China, North Korea Wild Cards in Asia-Pacific

February 12, 2015
By Robert K. Ackerman
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One nation is pushing outward methodically, the other is too irrational to predict.

The future of peace and security in the Asia-Pacific region may be determined by the actions or inactions of China and North Korea. China is flexing its muscles and projecting power far beyond its traditional realm, but North Korea poses a bigger threat by nature of its irrational leadership.

Former military flag officers and a civilian regional expert discussed the ramifications of those two nations in a panel at West 2015, being held in San Diego, February 10-12. Panel moderator Dr. David M. Finkelstein, vice president and director, China Studies, Center for Naval Analyses, noted that the administration listed contested maritime territorial claims—mostly involving China—and a provocative North Korea as the two big threats to peace in the Asia-Pacific region.

However, Adm. Timothy J. Keating, USN (Ret.), former commander, U.S. Pacific Command, disagreed. North Korea sits alone atop the list; the contested maritime claims “don’t cost me any sleep,” he said.

Vice Adm. Doug Crowder, USN (Ret.), former commander, Seventh Fleet, said the larger issue is China’s claims, its building structures on disputed lands and use of intimidation “to pursue incredible claims.” And Finkelstein noted that the People’s Liberation Army Navy (PLAN) now is viewed by China’s leadership as being on the point end of the spear for projecting Chinese power.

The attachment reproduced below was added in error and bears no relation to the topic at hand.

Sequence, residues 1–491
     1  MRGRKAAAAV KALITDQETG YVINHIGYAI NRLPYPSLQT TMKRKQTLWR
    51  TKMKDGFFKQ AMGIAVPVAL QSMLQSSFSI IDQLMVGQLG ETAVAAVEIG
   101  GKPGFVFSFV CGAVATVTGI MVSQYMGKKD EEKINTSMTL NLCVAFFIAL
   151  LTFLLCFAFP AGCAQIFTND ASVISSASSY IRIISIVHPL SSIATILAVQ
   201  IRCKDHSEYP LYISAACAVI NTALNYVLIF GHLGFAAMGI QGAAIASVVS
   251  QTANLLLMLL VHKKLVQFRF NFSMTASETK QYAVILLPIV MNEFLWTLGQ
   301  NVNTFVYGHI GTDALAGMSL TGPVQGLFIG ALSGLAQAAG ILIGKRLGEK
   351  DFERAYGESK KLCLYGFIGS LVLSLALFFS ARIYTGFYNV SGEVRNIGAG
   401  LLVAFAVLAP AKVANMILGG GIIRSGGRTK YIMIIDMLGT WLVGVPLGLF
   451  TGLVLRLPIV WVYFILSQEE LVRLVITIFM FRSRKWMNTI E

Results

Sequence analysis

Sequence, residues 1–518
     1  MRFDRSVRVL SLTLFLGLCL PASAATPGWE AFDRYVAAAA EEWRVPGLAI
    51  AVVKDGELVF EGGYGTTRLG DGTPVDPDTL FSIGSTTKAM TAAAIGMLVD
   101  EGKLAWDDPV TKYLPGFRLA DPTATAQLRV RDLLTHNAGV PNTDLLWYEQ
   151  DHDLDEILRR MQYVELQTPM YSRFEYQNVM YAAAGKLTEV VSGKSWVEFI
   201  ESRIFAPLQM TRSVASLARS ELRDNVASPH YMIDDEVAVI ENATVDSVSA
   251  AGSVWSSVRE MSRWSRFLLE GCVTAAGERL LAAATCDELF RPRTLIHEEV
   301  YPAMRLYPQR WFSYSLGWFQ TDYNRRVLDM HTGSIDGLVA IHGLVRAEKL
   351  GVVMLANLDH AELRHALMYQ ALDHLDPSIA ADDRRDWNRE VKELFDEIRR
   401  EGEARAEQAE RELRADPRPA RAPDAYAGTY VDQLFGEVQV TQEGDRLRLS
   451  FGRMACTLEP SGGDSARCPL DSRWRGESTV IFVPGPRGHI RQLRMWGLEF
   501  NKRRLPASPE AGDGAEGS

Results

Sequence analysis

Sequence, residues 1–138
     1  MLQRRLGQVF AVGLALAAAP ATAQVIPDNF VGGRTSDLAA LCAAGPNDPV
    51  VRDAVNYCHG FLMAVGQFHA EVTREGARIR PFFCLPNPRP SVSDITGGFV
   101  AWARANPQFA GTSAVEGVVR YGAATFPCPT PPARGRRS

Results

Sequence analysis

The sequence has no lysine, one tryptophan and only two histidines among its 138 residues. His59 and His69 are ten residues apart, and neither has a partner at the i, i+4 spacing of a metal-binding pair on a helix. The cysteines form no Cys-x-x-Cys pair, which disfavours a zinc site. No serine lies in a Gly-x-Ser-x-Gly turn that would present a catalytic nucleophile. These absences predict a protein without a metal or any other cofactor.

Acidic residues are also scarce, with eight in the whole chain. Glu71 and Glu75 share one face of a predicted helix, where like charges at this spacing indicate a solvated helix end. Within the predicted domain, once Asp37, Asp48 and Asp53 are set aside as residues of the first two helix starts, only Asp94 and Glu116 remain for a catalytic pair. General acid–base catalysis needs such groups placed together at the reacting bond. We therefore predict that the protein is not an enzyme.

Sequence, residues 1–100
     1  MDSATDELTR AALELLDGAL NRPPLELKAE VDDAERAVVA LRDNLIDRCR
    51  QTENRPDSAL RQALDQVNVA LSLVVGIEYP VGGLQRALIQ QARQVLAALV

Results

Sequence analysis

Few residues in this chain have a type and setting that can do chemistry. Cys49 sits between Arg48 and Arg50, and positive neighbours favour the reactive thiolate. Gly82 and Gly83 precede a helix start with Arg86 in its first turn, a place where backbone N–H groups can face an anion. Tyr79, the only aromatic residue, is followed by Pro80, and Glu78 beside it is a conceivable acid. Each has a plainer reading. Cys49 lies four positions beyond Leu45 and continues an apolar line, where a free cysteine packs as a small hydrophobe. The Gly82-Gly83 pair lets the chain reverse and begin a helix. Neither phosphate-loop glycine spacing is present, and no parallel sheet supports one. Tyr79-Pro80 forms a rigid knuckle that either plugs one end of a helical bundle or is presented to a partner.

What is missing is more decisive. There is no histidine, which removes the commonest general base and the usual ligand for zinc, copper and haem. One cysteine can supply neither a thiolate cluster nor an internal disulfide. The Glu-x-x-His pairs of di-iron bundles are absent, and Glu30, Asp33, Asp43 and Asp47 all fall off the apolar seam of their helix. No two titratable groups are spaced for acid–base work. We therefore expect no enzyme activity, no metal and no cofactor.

Rear Adm. Douglas McAneny, USN (Ret.), former commander, Submarine Force U.S. Pacific Fleet, said that there is no doubt that, given the trajectory it is on, there is going to be a much more muscular China in the region. However, the admiral said engaging China has produced positive results. He noted that in 2014, China hosted a western Pacific naval forum in which Adm. Wu Shengli, commander of the PLAN, was a major player. Adm. McAneny would not have expected that just a few years ago.

Adm. McAneny offered that the most fascinating country is North Korea. He had hoped the new leadership would be more worldly and willing to reach out to others, but instead it has become more bizarre. He worries about a nuclear North Korea.


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